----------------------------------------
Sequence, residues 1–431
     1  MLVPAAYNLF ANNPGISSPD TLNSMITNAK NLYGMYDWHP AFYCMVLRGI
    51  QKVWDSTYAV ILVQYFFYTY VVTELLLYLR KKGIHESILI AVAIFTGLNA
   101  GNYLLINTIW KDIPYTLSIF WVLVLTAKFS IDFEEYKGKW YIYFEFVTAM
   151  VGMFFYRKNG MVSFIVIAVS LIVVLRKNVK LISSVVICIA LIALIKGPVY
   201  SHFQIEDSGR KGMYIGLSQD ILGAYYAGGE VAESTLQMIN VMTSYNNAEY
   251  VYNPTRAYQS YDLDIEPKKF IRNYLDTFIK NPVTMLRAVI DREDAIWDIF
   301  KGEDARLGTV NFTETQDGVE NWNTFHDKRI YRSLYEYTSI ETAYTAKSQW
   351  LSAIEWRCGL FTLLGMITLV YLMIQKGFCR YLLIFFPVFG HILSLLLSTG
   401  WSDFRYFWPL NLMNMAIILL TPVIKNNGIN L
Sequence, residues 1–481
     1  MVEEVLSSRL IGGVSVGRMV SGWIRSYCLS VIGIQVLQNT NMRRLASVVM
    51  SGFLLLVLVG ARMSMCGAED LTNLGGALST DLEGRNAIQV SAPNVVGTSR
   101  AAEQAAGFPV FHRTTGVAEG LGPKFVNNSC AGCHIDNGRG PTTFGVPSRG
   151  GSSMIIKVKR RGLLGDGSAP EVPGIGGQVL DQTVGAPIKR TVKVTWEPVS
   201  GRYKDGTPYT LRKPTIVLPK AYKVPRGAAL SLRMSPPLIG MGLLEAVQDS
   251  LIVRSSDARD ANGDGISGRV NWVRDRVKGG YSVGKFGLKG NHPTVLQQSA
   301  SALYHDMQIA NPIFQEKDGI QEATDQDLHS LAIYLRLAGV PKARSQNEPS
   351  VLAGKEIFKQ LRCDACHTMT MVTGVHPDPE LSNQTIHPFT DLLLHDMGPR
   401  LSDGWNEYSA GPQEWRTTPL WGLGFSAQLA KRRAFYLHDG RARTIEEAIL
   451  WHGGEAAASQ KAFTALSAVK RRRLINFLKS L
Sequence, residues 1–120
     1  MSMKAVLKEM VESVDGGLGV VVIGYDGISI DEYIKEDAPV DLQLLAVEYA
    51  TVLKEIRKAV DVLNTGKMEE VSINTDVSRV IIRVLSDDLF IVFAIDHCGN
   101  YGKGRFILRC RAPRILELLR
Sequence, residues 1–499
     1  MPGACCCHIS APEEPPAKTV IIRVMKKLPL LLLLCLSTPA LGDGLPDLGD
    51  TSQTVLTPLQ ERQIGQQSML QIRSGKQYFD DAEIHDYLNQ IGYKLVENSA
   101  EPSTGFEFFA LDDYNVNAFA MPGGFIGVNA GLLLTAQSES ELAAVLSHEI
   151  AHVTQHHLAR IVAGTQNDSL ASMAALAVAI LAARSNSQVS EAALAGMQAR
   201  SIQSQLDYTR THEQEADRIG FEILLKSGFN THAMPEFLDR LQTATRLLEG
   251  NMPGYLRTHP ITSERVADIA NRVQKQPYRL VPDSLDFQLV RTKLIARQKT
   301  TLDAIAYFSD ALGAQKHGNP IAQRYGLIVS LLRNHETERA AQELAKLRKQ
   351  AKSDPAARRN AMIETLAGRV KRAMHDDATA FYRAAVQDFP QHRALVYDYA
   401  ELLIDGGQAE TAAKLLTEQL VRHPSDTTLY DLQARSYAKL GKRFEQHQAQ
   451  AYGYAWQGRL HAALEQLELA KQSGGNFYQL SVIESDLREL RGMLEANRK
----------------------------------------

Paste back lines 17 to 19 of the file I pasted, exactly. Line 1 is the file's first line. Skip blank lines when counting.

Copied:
   251  LIVRSSDARD ANGDGISGRV NWVRDRVKGG YSVGKFGLKG NHPTVLQQSA
   301  SALYHDMQIA NPIFQEKDGI QEATDQDLHS LAIYLRLAGV PKARSQNEPS
   351  VLAGKEIFKQ LRCDACHTMT MVTGVHPDPE LSNQTIHPFT DLLLHDMGPR